Historic Inns near Charming Newport Harbor
On a tree-lined street near Newport’s harbor, the Inns of Newport paint a charming picture of what New England was like centuries ago. All four inns—The Clarkeston, The Cleveland House, Admiral Farragut Inn, and Melville House Inn—neighbor each other on the centrally located Clarke Street. The inns are part of the quaint Newport Historic District, where gas lamps light the streets and many of its clapboard buildings date back to the colonial era.
After selecting a room type, you will be placed at one of the four inns based on availability.
Built in the early 18th century, The Clarkeston was extensively restored in 1993 to update its amenities while preserving the details from its rich colonial past—it’s now listed on the National Register of Historic Places. Throughout the inn, you’ll find antique furnishings, burnished hardwood floors, and several four-poster beds. A brick fireplace warms sunny Room Seven, which is accented with white-wicker furniture and pastoral art. The Clarkeston also serves breakfast each morning (extra fees).
The Cleveland House
Across the street, the vibe is strictly Victorian at The Cleveland House. Each of its 12 rooms is elegantly appointed with vintage furniture and lacy accents, while some rooms have a jacuzzi tub. The Cleveland House’s daily breakfast is not included with this Groupon.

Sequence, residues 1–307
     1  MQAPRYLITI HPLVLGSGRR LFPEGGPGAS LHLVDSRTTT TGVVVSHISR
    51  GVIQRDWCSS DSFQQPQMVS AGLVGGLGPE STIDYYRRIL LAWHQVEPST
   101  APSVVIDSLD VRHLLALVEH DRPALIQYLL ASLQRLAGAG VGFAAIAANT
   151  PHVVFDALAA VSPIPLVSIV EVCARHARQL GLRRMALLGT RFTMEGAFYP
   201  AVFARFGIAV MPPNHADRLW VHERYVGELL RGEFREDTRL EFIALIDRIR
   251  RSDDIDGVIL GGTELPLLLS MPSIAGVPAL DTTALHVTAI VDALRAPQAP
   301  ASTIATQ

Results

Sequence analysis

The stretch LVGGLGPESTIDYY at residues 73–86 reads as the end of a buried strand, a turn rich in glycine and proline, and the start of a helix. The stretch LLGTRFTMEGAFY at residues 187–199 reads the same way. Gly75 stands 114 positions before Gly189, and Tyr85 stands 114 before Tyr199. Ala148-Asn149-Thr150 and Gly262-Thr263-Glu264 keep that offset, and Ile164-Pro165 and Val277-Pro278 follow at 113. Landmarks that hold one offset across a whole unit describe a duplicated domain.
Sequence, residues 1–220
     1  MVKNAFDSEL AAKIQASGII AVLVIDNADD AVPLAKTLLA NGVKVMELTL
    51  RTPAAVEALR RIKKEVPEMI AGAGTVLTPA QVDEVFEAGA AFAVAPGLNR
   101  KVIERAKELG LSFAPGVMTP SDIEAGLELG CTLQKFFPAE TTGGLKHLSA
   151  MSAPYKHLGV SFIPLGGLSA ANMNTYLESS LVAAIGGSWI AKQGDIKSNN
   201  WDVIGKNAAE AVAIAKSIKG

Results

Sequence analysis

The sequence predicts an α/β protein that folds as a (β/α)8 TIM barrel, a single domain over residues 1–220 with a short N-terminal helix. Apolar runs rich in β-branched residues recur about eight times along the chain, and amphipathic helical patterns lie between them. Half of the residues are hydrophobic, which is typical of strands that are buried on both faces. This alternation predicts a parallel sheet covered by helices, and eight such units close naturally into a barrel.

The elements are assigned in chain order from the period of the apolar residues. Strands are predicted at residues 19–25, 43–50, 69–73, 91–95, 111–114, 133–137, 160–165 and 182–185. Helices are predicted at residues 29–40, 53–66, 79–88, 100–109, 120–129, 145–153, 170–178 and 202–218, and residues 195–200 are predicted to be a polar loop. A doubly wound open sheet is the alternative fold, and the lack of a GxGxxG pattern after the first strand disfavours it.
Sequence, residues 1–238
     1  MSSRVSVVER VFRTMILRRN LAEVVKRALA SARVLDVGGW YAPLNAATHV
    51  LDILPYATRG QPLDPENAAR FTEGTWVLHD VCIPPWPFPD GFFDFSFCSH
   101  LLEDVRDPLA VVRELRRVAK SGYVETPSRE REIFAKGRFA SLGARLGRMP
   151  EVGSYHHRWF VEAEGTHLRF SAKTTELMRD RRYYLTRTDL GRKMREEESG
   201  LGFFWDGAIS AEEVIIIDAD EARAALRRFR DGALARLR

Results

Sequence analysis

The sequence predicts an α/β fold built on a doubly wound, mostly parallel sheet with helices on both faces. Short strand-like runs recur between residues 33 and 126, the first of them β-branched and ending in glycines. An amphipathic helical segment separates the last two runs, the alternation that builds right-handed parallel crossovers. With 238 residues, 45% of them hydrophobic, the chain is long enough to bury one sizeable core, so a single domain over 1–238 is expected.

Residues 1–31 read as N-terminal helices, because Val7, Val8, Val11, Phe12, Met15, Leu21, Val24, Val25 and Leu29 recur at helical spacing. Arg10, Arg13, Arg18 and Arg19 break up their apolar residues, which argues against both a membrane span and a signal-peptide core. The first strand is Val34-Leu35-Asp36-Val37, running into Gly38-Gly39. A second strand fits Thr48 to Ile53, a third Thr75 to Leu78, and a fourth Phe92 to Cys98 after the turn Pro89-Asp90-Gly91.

Admiral Farragut Inn
The Admiral Farragut Inn harkens back to historic Newport. Each guest room is unique—some sport Shaker-style four-poster beds and imported English antiques; others feature colonial-style windows. In the morning, breakfast is served for an additional fee.
Melville House Inn
Further along down Clarke Street, a handful of quaint guest rooms make up the Melville House Inn, which dates back to 1750. The colonial B&B is just a few blocks from Thames Street’s shops, restaurants, and nightlife. Breakfast is available each morning for an additional fee.
No matter which inn you stay at, you’ll check in at The Cleveland House at 27 Clarke Street.
Newport, Rhode Island: Harbor Town with World-Famous Mansions
Newport sits on Rhode Island’s Aquidneck Island, just 30 miles south of Providence and 70 miles south of Boston. With its picturesque cliffs running along the rocky coast, Newport understandably attracted America’s upper class at the turn of the 20th century. The prestigious Astor and Vanderbilt families joined other captains of industry in building their summer “cottages” here—sprawling estates that epitomized the Gilded Age’s glitz and glamour. You can sign up for mansion tours at the historic The Elms, Marble House, and The Breakers, a 70-room Italian Renaissance–style palazzo commissioned by Cornelius Vanderbilt II in 1893 and inspired by the palaces of Genoa and Turin.
Year-round, the Cliff Walk is one of the most popular activities in town. From sunrise to sunset you’ll find visitors strolling the 3.5-mile path, ensconced between the beautiful Newport shoreline and the spectacular mansions. If the conditions are ripe, you might see surfers catching waves on the ocean breakers.
The ocean is easily accessible from Newport’s western, eastern, and southern coastlines. It’s often referred to as “the Sailing Capital of the World,” and in the summertime, fishing boats fill its harbors and beachgoers flock to its shores. Easton’s Beach (or 1st Beach if you’re a local), the largest public beach, sits cater-cornered to the Cliff Walk’s stunning homes. Back on land, the city hosts a variety of festivals, including the Newport Jazz Festival and the Newport Kite Festival, held in the ocean-facing Brenton Point State Park.
No-shows will be charged total Groupon rate; no refunds, rescheduling, or rebooking allowed.